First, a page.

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Can I Invest my HSA Funds?

4 min read

30 sec brief

Invest your HSA today and you can hit retirement with a big pot of tax-free money to pay for medical expenses.

Invest your HSA today and you can hit retirement with a big pot of tax-free money to pay for medical expenses.

When you open an HSA your contributions are typically parked in an FDIC-insured bank savings account. That’s the perfect safe-and-sound place to keep HSA money you intend to tap for current medical expenses. But you can invest your HSA funds in stocks and bonds, too.

Investing your HSA funds in stocks and bonds gives you the opportunity to earn higher returns than the interest earned in a bank savings account.

Invest Your HSA Today

…your future (older) self will be glad you did

Investing your HSA is a smart strategy for the HSA money that is part of your long-term retirement plan. Medicare typically covers about 70% of retiree health care expenses. Investing in your HSA today sets you up for having tax-free money you can use in retirement to pay your out-of-pocket health care expenses.

Investing Your HSA

Keep in mind, you can divide your HSA savings into separate buckets: maybe you keep some of it in the bank savings account —  just in case you want to use it sooner — and then the other bucket can be invested for the long-term.

Lively has partnered with TD Ameritrade to offer a broad lineup of investments for HSA investors, for free.

In addition to FDIC-insured Certificates of Deposit (CDs) TD Ameritrade enables you to invest your HSA in:

  • Exchange-traded funds can be a smart and inexpensive way to instantly create a low-cost diversified HSA investment portfolio. Like a mutual fund, an ETF typically owns hundreds of individual stocks or bonds. An ETF doesn’t have a required minimum investment, while most mutual funds require you to start with at least $1,000 to $1,500. TD Ameritrade offers a lineup of ETFs you can purchase without paying any sales commission. Got a favorite ETF that’s not included in the no-fee lineup? Pay a $ and you’re good to go.
  • Mutual funds are another low cost way to invest your HSA funds. TD Ameritrade has a lineup of funds you can buy and sell without transaction fees. For other mutual funds you will pay $25 any time you buy or sell shares.

Tip: All mutual funds and ETFs charge an annual fee called an expense ratio. It’s not something that shows up on your statements. But you can easily find it listed at TD Ameritrade or entering the fund or ETF ticker symbol in your search box. The lower your expense ratio, the less money that will be deducted from your account each year.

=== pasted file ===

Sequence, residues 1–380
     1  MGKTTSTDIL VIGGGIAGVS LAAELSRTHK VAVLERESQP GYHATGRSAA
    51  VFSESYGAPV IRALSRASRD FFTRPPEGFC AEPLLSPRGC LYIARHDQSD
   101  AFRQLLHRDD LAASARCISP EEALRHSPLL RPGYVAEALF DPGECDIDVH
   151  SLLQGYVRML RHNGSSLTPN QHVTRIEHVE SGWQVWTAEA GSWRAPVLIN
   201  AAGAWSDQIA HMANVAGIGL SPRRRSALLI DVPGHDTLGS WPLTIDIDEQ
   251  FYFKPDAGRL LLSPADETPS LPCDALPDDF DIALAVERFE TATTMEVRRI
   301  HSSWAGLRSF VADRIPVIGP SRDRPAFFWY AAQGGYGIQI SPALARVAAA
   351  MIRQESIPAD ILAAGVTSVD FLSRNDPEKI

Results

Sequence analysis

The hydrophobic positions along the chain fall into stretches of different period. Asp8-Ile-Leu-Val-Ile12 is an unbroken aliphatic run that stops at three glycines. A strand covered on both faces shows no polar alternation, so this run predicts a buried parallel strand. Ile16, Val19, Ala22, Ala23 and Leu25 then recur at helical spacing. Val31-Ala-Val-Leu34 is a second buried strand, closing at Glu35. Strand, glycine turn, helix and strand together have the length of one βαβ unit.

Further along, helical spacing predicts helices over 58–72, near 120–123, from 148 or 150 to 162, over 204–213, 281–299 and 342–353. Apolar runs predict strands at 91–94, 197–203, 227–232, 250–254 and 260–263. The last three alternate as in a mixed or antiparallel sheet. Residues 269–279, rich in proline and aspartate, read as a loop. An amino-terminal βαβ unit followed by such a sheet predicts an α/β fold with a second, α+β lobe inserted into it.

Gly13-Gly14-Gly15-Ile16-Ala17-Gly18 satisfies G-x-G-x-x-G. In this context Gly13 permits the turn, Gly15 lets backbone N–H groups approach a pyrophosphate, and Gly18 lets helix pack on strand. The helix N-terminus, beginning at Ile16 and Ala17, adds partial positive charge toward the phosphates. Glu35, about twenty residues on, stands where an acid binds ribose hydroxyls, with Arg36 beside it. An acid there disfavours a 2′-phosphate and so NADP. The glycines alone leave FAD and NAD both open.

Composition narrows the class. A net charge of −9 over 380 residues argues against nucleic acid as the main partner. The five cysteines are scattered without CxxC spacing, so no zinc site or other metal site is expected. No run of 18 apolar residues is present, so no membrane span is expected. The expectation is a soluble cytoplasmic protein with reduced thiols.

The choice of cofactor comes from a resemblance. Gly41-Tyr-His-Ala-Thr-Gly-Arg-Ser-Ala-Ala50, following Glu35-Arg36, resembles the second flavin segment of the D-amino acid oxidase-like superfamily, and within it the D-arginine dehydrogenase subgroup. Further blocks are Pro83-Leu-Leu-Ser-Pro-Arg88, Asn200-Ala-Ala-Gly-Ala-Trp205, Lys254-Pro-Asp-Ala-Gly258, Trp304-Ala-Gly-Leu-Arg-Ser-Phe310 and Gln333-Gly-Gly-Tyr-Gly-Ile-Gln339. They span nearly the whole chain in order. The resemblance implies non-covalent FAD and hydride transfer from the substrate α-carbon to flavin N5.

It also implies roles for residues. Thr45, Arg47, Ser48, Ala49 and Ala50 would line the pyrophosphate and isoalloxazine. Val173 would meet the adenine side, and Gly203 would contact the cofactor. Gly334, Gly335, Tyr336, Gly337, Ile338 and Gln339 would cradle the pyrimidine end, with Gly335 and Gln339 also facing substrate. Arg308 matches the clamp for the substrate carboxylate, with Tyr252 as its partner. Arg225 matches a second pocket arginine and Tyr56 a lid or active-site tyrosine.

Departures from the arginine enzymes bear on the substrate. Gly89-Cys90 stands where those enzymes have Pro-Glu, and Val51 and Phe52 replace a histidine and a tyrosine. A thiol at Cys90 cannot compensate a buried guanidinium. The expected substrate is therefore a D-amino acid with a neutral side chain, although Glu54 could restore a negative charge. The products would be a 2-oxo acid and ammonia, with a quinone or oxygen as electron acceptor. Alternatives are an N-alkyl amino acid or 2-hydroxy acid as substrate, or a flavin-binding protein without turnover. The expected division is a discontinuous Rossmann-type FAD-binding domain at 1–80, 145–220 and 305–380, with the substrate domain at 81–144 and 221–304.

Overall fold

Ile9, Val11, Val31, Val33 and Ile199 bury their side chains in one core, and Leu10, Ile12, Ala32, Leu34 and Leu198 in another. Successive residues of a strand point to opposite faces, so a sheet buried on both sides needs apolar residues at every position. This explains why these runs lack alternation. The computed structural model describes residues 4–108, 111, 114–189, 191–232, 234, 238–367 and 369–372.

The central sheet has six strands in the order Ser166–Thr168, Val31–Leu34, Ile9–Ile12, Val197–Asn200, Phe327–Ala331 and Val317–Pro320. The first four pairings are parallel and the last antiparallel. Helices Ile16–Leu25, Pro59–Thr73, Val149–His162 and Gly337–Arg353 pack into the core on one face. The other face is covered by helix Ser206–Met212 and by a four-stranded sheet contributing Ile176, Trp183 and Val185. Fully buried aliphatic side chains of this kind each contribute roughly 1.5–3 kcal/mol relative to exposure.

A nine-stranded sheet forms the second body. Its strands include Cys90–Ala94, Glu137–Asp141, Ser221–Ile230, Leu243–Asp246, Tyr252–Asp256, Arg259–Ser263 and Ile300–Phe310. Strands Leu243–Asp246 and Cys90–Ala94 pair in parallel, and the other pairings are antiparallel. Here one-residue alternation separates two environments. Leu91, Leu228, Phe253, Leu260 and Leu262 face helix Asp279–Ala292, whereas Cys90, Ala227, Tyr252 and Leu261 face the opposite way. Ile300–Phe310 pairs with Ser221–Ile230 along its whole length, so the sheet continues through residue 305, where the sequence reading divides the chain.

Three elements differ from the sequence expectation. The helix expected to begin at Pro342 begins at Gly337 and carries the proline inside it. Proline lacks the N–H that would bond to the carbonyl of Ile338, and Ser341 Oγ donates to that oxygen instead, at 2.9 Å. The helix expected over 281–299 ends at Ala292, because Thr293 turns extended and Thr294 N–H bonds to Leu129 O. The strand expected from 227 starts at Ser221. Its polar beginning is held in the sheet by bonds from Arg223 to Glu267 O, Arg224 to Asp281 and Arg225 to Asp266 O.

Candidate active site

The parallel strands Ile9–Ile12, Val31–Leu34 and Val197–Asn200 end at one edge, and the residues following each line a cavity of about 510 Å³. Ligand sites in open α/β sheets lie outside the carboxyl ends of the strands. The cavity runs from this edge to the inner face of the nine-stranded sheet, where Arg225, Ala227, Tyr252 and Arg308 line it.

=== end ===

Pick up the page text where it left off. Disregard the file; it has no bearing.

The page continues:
• Individual Stocks and Bonds The commission for stocks is $6.95. Buying or trading Treasury securities costs $25, the cost of corporate bonds varies, and is embedded in the price of the bond.

Learn more about investing your HSA.

If you need more help with health account decisions, check out our blog. We will make you a healthcare benefits expert in no time, without any extra work or effort on your end.

Disclaimer: the content presented in this article are for informational purposes only, and is not, and must not be considered investment, legal, accounting or financial planning advice, nor a recommendation as to a specific course of action. Investors should consult all available information, including fund prospectuses, and consult with appropriate investment, accounting, legal, and accounting professionals, as appropriate, before making any investment or utilizing any financial planning strategy.

Disclaimer: the content presented in this article are for informational purposes only, and is not, and must not be considered tax, investment, legal, accounting or financial planning advice, nor a recommendation as to a specific course of action. Investors should consult all available information, including fund prospectuses, and consult with appropriate tax, investment, accounting, legal, and accounting professionals, as appropriate, before making any investment or utilizing any financial planning strategy.

About the author

Carla Fried

Carla translates business and personal finance concepts into engaging content that helps individuals make more confident choices in how they manage their money. Her work appears in The New York Times, Money Magazine, Barron's and Consumer Reports.

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